Tom Clancy's Rainbow Six Vegas (herein just referred to as Vegas) is the latest addition in the Rainbow Six series. Developed and published by Ubisoft, Vegas has versions for the Xbox 360, PC, and PSP. The PSP version is not a port but was built from the ground up as a smaller side story to compliment the main story line found in the Xbox 360 and PC versions. As a first person shooter fan I was looking forward to the Tom Clancy series making its way to the portable market. Yet due to the limited length of the single player story mode, and the simplistic detail of the gaming environments, I was left disappointed and wondering why Ubisoft had released this game at all.

The Rainbow Six collection of games is part of the larger Tom Clancy family of tactical games that also include Splinter Cell and Ghost Recon. Each line of games is based on their own storyline. Rainbow Six games are based on the "Rainbow Six" counter-terrorist group made up of leading agents from around the world. Rainbow Six is known for their high-tech gear and are called in as a last resort to destroy threats when negotiations are no longer an option. In this latest round two members of Rainbow Six have been kidnapped by a terror group. You control a team that has been dispatched to Las Vegas to hunt down and kill the terrorists, as well as save your fellow Rainbow Six brethren.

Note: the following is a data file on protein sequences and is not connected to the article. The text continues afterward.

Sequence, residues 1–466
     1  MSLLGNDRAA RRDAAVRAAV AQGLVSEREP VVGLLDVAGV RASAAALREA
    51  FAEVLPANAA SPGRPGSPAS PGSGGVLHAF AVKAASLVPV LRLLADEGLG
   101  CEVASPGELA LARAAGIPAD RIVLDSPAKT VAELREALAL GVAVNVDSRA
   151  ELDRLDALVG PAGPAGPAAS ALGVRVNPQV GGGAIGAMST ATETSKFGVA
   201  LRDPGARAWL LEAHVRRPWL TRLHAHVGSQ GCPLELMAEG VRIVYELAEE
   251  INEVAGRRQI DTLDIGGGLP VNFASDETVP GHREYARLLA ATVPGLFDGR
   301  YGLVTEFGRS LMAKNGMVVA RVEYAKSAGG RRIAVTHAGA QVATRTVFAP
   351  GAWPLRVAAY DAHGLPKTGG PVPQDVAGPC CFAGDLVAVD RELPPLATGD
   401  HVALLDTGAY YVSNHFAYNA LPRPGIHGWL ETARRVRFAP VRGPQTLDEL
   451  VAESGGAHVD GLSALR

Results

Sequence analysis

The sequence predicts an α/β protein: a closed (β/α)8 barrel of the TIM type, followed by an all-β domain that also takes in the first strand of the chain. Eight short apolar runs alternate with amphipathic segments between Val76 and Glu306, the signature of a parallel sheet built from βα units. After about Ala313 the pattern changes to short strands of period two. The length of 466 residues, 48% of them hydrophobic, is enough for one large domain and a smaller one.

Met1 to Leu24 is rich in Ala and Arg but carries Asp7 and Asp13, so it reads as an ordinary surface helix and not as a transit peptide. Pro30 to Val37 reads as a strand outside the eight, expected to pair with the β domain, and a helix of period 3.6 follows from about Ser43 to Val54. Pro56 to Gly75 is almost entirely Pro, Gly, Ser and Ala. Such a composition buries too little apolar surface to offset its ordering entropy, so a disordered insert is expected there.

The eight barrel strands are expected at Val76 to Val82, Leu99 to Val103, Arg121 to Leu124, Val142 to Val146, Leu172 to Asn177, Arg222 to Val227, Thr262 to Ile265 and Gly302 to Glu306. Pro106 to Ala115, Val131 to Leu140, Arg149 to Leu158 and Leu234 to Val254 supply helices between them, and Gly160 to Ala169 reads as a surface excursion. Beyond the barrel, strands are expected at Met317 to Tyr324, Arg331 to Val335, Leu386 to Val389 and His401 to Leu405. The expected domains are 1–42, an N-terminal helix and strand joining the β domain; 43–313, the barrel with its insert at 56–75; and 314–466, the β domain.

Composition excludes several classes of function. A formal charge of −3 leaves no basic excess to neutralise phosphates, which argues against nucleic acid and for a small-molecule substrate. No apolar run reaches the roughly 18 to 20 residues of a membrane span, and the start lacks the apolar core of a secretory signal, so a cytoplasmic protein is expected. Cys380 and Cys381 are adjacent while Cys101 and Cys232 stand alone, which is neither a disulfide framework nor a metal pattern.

Vegas follows suit with previous Tom Clancy games with first-person and third-person gameplay views. Most of the game is in first-person as you run around engaging terrorists with your long or short range firearm, and flash or explosive grenades. You can put your back to walls or other surfaces for cover which turns the screen into third-person view. From your covered position you can peak around corners to check for danger or shoot at exposed enemies. The Rainbow Six group always has state of the art gizmo's and in Vegas you're equipped with a snake cam that can see through doors before they're opened or around corners when you've taken cover. Your snake cam and helmet come complete with night-vision and the ability to lock onto enemies to track their movements after making a visual on them. The game is setup in a mission style with multiple levels per mission. As you move from one level to the next you will normally switch between members of your group with one member on the inside of a building and a sniper member on the outside.

The single player experience has three modes: Story, Mission, and Terrorist Hunt. The story mode isn't very long although the movies along the way are slick and keep the storyline fresh. The mission mode allows you to replay previously completed missions in an attempt to improve on your story mode stats. Terrorist hunt allows you to go around the same environments of mission and story mode running around pegging off terrorists as your only objective.

The gameplay in Vegas is an uninspired shooting duck-and-cover routine. Even for a first person shooter (my favourite genre of game) I found it monotonous going from one surface cover to another tracking the repetitive movements of enemy combatants. Until an enemy is alerted to your presence they follow the same predictable walking pattern (which makes it easy to pick them off with head shots from afar). Top notch first person shooters (even those that rely mostly on reconnaissance missions and sniping) will generally still have sequences of high action where you're shooting away and hoping to survive. The only adrenaline charged sections of Vegas are when you are playing as the sniper and need to pick off a bunch of guys to ensure the safety of your teammate. Although it raises the heart rate, it's not really fun because the challenge isn't in the carnage it's in navigating the finicky controls of the sniper rifle.